The Mucker

By Edgar Rice Burroughs

Page 12

had had enough of him. They left him severely alone.

These ofttimes bloody battles engendered no deep-seated hatred in the
hearts of the defeated. They were part of the day's work and play of the
half-brutes that Skipper Simms had gathered together. There was only one
man aboard whom Billy really hated. That was the passenger, and Billy
hated him, not because of anything that the man had said or done to
Billy, for he had never even so much as spoken to the mucker, but
because of the fine clothes and superior air which marked him plainly to
Billy as one of that loathed element of society--a gentleman.

Billy hated everything that was respectable. He had hated the smug,
self-satisfied merchants of Grand Avenue. He had writhed in torture at
the sight of every shiny, purring automobile that had ever passed him
with its load of well-groomed men and women. A clean, stiff collar
was to Billy as a red rag to a bull. Cleanliness, success, opulence,
decency, spelled but one thing to Billy--physical weakness; and he hated
physical weakness. His idea of indicating strength and manliness lay in
displaying as much of brutality and uncouthness as possible. To assist
a woman over a mud hole would have seemed to Billy an acknowledgement of
pusillanimity--to stick out his foot and trip her so that she sprawled
full length in it, the hall-mark of bluff manliness. And so he hated,
with all the strength of a strong nature, the immaculate, courteous,
well-bred man who paced the deck each day smoking a fragrant cigar after
his meals.

Inwardly he wondered what the dude was doing on board such a vessel as
the Halfmoon, and marveled that so weak a thing dared venture among real
men. Billy's contempt caused him to notice the passenger more than he
would have been ready to admit. He saw that the man's face was handsome,
but there was an unpleasant shiftiness to his brown eyes; and then,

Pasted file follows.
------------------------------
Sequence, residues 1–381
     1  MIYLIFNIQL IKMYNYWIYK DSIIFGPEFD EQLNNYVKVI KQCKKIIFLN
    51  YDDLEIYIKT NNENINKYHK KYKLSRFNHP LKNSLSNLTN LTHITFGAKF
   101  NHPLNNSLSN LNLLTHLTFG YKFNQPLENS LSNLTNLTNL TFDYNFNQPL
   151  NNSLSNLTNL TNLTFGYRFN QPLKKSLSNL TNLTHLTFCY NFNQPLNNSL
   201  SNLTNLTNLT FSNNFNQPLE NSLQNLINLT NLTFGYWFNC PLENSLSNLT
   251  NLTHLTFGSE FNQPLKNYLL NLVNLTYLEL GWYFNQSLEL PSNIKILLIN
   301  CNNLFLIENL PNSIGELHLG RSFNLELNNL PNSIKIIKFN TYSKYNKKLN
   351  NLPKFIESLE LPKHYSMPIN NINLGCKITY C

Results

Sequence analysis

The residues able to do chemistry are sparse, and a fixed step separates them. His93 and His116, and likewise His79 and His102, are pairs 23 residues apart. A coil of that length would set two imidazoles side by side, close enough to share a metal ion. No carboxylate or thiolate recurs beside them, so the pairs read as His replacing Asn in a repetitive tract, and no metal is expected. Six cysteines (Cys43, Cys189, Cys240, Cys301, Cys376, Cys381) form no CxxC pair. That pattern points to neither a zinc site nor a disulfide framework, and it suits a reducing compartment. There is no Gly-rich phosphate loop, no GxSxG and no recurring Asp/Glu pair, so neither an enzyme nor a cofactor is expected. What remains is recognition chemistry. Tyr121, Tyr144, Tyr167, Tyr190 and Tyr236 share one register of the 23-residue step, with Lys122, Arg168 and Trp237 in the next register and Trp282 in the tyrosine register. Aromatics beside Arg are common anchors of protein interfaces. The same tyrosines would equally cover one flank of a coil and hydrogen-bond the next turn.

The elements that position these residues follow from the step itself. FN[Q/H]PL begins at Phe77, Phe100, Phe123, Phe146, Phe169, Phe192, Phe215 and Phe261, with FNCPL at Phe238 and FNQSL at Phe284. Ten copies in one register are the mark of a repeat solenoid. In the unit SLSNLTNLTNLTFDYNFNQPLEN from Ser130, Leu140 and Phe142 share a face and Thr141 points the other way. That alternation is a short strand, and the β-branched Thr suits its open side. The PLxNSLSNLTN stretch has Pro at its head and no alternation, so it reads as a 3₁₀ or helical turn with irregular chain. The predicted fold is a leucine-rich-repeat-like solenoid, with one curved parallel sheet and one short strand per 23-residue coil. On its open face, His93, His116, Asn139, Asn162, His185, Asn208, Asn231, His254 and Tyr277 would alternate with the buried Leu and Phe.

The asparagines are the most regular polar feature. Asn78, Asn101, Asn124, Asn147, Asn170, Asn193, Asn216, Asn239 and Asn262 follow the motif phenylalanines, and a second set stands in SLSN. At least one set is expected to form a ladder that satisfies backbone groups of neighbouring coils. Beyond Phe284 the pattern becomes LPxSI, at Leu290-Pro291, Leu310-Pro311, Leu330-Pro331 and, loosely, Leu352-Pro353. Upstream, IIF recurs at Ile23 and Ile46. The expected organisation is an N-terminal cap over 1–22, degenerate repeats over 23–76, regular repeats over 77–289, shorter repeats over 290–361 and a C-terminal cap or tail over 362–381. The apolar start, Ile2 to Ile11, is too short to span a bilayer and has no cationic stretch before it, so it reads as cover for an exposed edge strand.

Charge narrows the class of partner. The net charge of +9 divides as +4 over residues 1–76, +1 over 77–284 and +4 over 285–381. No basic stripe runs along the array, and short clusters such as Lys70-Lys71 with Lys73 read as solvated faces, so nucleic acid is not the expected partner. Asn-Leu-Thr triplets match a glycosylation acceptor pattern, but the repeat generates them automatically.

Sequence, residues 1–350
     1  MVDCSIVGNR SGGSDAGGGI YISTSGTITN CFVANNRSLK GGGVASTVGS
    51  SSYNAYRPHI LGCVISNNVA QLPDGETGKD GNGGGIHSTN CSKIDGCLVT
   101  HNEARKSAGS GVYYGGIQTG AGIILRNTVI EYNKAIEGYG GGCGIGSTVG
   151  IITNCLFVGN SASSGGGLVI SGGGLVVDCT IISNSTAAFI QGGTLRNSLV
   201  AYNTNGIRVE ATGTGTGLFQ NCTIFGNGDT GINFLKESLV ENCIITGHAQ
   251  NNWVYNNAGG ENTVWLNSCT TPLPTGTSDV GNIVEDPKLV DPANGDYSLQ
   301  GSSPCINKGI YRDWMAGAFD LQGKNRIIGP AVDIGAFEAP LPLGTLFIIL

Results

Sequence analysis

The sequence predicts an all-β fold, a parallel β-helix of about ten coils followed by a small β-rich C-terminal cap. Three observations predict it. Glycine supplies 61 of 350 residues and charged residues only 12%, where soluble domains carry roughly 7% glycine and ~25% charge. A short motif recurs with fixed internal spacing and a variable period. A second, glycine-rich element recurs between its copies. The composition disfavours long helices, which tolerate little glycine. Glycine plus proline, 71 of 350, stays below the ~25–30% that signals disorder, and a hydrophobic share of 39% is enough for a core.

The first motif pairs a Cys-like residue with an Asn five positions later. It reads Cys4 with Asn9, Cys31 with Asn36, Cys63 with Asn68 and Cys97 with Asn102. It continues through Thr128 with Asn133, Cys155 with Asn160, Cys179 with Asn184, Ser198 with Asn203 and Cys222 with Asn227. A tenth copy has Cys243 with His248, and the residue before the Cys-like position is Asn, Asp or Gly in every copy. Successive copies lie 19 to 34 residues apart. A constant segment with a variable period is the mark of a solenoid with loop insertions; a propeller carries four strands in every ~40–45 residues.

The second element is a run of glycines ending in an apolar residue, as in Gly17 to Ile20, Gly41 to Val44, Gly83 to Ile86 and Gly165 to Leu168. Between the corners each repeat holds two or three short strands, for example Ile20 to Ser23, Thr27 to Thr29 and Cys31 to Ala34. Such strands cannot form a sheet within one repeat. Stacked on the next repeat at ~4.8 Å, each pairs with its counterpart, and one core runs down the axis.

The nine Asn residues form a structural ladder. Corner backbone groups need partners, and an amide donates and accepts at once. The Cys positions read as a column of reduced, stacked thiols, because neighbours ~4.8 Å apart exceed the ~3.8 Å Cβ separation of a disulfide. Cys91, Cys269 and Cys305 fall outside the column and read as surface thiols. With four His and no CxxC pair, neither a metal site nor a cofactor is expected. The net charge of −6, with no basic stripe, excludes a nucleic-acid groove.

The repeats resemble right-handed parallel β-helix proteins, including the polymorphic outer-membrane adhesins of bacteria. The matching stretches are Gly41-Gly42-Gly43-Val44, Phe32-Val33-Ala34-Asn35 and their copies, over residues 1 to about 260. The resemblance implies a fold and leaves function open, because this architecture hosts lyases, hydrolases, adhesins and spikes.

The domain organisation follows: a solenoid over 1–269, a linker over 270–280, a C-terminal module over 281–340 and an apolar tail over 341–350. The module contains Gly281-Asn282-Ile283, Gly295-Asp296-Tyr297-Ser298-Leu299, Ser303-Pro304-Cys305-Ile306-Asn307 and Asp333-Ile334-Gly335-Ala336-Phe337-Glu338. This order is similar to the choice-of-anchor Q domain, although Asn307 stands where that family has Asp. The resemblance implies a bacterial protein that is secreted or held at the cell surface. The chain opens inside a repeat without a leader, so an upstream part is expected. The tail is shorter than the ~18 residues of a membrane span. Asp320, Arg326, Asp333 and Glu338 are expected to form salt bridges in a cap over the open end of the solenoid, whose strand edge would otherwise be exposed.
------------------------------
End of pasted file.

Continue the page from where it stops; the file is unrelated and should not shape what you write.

entirely outside of his former reasons for hating him, Billy came to
loathe him intuitively, as one who was not to be trusted. Finally his
dislike for the man became an obsession. He haunted, when discipline
permitted, that part of the vessel where he would be most likely to
encounter the object of his wrath, hoping, always hoping, that the
"dude" would give him some slight pretext for "pushing in his mush," as
Billy would so picturesquely have worded it.

He was loitering about the deck for this purpose one evening when he
overheard part of a low-voiced conversation between the object of his
wrath and

Last Page Next Page

Text Comparison with The Return of Tarzan

Page 7
"Ah," she thought, "a guilty conscience is a most suspicious thing.
Page 8
Rokoff's attitude was so distinctly filled with the threat of physical violence that the ape-man paused for an instant just behind the trio, instinctively sensing an atmosphere of danger.
Page 16
Have I not told you a dozen times that I have enough for twenty men, and that half of what I have is yours? And if I gave it all to you, would it represent even the tenth part of the value I place upon your friendship,.
Page 17
Nor do I forget that to your self-sacrificing devotion I owe the fact that I recovered from the terrible wounds I received at their hands--I discovered later something of what it meant to you to remain with me in the amphitheater of apes while your heart was urging you on to the coast.
Page 33
The other affair served its purpose well--we now have something tangible to work on, Olga.
Page 52
A rather good-looking Ouled-Nail was dancing, and, perceiving Tarzan's European clothes, and scenting a generous gratuity, she threw her silken handkerchief upon his shoulder, to be rewarded with a franc.
Page 57
her across his shoulder.
Page 91
It was D'Arnot's cablegram to Tarzan, and it read: Finger prints prove you Greystoke.
Page 104
"I am sure that we shall be glad to place ourselves under your protection.
Page 109
To assure himself that he still had them he slipped his hand in to feel, but to his consternation they were gone.
Page 142
"Thank God that we are together!" "Look," said the girl dully, indicating the horizon with an apathetic gesture.
Page 146
Either we must all die together within a few days, or one must be sacrificed that the others may live.
Page 148
Monsieur Thuran, for reasons of his own, preferred to draw first if the drawing should happen to require a second adventure beneath the coat.
Page 149
"Quick!" hissed Spider.
Page 168
They slept upon litters of jungle grasses, and for covering at night Jane Porter had only an old ulster that belonged to Clayton, the same garment that he had worn upon that memorable trip to the Wisconsin woods.
Page 169
" "You knew the pig?" asked Thuran, with a sneer.
Page 182
The girl was the first to speak again after her outbreak of impulsive avowal.
Page 190
"But then I have been unconscious much of the time.
Page 209
At sunset they buried William Cecil Clayton beside the jungle graves of his uncle and his aunt, the former Lord and Lady Greystoke.
Page 211